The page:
How have shrinking budgets directly impacted your company?
Countrywide states have lost revenue… there’s been a lot of consolidation. One [school] district could’ve had 15 different buyers or budgets and those have been consolidated to maybe eight. I’ve noticed this since 9/11.
Of course it means that there’s less money to spend and less money comes our way. So, we just have to work harder — it’s way more challenging than it’s ever been. Also, technology has changed a lot… schools will say, “Oh I’ll just let my things get streamed,” which means it goes directly to producer from schools without us, so that’s a challenge to producers as well as us.
Have you tried streaming?
If [clients] want to stream, we can deliver it. We’re not involved in actually streaming; it’s very complicated and very expensive. The winners are the people who use it. But there are places out there that still do video. We sell mostly everything in DVD.
How would a filmmaker get a distribution deal with Landmark Media?
Call me up or send me an email and tell me what you have. If I like it, we’ll talk, and I’ll offer you a contract and you might accept it or not.
What is the contract you sign with filmmakers?
It’s pretty typical. We pay royalties against the first gala/sale. Our royalty is 25 percent.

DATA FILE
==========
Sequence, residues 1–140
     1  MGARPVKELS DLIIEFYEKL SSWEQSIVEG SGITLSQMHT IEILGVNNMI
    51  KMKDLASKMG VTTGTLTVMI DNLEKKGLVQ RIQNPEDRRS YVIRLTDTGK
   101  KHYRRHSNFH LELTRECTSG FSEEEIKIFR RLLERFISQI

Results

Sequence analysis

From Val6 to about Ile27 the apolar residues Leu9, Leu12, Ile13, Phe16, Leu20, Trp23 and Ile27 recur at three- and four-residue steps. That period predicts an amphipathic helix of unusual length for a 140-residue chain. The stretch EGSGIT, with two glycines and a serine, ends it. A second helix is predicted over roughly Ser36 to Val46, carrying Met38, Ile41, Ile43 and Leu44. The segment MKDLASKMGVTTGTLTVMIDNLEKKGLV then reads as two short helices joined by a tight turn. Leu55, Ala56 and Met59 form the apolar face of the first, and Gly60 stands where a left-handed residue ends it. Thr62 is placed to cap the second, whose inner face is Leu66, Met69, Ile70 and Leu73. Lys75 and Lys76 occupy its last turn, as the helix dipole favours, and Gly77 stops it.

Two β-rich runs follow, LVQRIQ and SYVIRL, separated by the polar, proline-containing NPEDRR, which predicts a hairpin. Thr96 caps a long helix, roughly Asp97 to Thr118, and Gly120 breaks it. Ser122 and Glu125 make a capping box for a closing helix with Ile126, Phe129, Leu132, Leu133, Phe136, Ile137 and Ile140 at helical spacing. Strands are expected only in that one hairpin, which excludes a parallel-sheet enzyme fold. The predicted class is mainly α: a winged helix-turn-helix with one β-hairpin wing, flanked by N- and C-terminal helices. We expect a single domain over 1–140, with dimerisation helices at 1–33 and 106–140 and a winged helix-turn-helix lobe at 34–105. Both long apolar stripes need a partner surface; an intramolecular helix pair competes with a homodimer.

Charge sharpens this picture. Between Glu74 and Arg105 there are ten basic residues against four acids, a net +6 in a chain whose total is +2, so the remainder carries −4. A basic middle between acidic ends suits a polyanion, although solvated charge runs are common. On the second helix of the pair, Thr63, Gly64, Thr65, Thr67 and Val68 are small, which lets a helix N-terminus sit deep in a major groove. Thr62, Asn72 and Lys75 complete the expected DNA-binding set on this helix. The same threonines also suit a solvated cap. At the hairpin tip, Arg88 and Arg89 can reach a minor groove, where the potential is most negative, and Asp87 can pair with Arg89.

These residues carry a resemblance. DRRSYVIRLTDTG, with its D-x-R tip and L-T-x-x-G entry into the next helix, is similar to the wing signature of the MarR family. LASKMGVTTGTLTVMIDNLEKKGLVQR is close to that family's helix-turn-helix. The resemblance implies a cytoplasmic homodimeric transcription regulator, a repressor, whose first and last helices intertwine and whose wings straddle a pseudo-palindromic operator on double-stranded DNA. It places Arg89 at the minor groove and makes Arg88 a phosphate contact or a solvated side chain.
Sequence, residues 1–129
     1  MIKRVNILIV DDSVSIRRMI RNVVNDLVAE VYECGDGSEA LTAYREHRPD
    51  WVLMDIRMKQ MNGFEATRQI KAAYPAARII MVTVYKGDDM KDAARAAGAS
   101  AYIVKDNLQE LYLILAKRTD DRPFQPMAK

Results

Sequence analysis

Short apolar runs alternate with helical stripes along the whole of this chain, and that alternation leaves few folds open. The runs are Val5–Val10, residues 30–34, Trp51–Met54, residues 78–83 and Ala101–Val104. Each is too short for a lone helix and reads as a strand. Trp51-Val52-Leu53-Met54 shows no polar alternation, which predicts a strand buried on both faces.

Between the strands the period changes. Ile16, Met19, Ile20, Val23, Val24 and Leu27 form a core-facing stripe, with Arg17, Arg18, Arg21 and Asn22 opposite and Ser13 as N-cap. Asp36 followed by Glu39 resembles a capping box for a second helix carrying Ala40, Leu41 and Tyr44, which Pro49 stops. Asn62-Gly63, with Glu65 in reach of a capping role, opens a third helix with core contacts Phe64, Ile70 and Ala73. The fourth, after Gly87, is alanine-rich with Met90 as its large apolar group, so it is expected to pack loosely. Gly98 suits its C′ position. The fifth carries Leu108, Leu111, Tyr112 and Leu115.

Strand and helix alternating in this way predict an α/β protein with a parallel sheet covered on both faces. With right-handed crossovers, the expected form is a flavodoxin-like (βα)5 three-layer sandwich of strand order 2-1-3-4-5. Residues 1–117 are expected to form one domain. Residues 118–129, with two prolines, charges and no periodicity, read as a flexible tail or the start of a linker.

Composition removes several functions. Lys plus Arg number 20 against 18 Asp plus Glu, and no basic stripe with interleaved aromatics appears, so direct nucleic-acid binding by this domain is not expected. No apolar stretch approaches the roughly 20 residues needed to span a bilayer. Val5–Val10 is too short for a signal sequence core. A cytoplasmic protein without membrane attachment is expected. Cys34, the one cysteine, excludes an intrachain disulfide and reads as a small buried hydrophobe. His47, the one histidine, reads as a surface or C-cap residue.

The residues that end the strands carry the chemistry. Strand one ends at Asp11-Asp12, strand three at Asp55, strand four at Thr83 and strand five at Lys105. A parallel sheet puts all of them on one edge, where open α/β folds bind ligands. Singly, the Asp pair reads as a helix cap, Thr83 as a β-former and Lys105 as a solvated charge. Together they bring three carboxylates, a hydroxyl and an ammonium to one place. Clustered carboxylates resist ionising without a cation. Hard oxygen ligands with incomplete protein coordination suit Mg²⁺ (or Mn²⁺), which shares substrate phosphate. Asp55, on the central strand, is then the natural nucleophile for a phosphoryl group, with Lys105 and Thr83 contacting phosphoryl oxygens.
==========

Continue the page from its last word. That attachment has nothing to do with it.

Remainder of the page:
What’s your basic approach to releasing a title? How do you market your films?
It’s mainly through the salespeople that work directly for us. We have film seminars, preview seminars, we attend film markets, and we have a marketing person to look for inroads everywhere depending on film. We also have a website and a catalog.
What are the roles of the members of your family?
My husband and I make the decisions — we’re the bosses. And my sons basically are employees. They are of course treated as such, with the work ethic here being like a regular company. The difference with having my sons work here is that I listen to them a little more, and they are a little freer, in the sense where sometimes employees won’t give you their honest opinion, and my sons are more at liberty to say what they think which is great. It’s important to me that no matter what happens, they remain close as brothers. So that’s always an issue.